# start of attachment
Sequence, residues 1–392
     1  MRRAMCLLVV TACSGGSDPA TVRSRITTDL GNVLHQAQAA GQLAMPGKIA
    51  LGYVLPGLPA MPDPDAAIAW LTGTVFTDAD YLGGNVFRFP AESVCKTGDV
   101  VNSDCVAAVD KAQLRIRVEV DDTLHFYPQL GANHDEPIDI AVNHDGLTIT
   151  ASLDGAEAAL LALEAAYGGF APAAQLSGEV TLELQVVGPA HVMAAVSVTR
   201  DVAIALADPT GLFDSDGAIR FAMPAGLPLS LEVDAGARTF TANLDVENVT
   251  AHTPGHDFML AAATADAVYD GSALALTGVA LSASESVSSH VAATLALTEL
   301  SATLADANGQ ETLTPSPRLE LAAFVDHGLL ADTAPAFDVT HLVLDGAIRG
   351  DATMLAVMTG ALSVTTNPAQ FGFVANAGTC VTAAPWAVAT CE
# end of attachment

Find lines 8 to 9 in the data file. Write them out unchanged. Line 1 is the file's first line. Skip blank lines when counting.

   301  SATLADANGQ ETLTPSPRLE LAAFVDHGLL ADTAPAFDVT HLVLDGAIRG
   351  DATMLAVMTG ALSVTTNPAQ FGFVANAGTC VTAAPWAVAT CE